It is 4:53 am on Tuesday morning. The first rays of sunlight are more than two hours away. Most everyone in the closely situated homes on Leonard Circle off Franklin Street in Tisbury, is asleep.
Not Rupert the rooster. He is most definitely awake, and quite intent on inviting the rest of the neighborhood to join him in vigilant enthusiasm for the cold, moonless night. Sitting on the branch of an evergreen tree about six feet off the ground, he is doing what roosters do. About every 30 seconds, Rupert lets loose with a lung-bursting, night-piercing screech.
He cock-a-doodle-doos his way through the early morning hours, sometimes beginning as early at 2:30 am, and continues well into daylight, according to people who live there.
The wayward rooster apparently flew the coop when his former owner moved his brood to another Island location three years ago. Since then, Rupert has driven some residents to distraction. They complain of lost sleep and lost rentals.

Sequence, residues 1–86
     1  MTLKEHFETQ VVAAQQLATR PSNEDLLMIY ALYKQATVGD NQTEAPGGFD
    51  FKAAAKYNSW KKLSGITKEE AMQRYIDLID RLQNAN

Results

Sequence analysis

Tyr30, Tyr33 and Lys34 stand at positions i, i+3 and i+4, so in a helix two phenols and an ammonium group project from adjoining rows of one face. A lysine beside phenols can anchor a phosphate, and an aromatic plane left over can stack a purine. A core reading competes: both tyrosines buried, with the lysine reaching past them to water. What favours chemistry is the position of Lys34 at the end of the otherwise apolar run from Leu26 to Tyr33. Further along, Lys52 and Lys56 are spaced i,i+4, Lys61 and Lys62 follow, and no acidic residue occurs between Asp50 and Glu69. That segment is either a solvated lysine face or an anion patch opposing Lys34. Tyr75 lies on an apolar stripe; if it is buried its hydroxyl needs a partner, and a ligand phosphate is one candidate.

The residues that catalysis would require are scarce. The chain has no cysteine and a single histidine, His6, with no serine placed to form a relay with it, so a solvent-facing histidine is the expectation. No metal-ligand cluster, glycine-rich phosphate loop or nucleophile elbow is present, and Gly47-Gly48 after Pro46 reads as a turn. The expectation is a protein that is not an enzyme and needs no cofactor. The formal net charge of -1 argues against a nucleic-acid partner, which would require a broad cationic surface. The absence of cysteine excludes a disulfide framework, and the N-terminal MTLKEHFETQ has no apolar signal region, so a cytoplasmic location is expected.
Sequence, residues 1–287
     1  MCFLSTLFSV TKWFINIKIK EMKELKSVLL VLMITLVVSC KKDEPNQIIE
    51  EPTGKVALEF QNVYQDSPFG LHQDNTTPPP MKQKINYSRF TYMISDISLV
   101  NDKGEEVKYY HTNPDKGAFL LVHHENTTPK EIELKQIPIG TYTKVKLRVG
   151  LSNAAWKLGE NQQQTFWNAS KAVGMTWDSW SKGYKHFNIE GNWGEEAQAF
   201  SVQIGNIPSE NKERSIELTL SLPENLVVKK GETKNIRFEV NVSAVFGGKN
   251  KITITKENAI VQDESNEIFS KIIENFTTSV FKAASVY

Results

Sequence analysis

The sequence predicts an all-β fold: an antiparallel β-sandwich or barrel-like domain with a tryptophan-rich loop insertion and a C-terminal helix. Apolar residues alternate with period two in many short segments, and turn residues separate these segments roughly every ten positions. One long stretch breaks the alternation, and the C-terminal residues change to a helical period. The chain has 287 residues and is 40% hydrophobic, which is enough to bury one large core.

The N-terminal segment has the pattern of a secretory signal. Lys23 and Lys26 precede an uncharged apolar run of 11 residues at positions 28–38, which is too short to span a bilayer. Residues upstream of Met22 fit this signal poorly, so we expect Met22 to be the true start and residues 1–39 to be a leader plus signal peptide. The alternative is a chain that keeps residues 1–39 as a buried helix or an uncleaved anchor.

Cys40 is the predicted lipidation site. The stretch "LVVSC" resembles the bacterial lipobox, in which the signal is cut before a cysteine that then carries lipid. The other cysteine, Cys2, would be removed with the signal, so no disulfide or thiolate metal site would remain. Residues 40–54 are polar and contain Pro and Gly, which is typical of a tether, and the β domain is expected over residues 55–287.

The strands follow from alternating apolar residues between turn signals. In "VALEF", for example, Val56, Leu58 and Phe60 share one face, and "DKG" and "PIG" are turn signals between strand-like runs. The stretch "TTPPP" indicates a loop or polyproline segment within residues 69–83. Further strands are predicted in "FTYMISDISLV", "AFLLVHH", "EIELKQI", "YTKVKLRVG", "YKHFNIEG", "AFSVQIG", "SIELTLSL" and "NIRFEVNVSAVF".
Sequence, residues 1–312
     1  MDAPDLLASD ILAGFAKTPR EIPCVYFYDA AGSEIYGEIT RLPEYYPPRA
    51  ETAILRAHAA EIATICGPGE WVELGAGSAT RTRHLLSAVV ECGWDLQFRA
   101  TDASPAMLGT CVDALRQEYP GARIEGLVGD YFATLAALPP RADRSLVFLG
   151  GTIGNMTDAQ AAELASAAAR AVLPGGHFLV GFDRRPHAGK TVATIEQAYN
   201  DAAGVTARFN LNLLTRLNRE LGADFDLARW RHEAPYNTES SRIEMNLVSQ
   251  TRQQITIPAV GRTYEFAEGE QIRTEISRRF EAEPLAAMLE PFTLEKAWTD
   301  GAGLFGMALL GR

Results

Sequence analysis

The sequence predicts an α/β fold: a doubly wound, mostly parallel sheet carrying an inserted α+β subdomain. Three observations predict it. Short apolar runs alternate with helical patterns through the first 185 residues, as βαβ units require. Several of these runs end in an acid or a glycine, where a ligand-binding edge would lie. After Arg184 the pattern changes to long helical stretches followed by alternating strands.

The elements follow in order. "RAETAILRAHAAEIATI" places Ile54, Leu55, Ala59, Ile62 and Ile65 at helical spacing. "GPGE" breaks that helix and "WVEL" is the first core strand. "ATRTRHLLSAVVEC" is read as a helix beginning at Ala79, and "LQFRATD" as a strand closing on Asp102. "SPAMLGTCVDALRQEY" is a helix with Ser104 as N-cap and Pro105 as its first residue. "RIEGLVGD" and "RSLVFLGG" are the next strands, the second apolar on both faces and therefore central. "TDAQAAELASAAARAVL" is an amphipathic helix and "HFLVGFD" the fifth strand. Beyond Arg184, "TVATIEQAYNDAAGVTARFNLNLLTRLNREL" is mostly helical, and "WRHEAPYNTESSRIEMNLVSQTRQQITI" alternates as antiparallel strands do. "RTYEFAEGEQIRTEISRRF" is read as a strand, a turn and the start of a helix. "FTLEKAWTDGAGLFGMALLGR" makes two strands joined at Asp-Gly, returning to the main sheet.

Kathleen Phillips left a message at The Times, in response to a call asking about the crowing behind her house.
“I missed your call because I was sleeping,” Ms. Phillips said in her message. “My days and nights are mixed up. I’m going to have some breakfast now, at 6 pm. Try me back at anytime. Call me at 3 in the morning. I’ll be wide-eyed and bushy-tailed, listening to Rupert.”
Catch as catch can’t
“We have to live here, so we’re trying to do this diplomatically,” said Leonard Street resident June Parker. “It seems like we’re running up against a wall no matter which way we go.”
Ms. Phillips and Ms. Parker criticize town officials for failing to adequately address the disturbance. They accuse the town of playing favorites, because assistant town administrator Aase Jones Iives on the street, and is among Rupert’s biggest supporters. Ms. Jones, and all town officials strongly deny allegations of favoritism.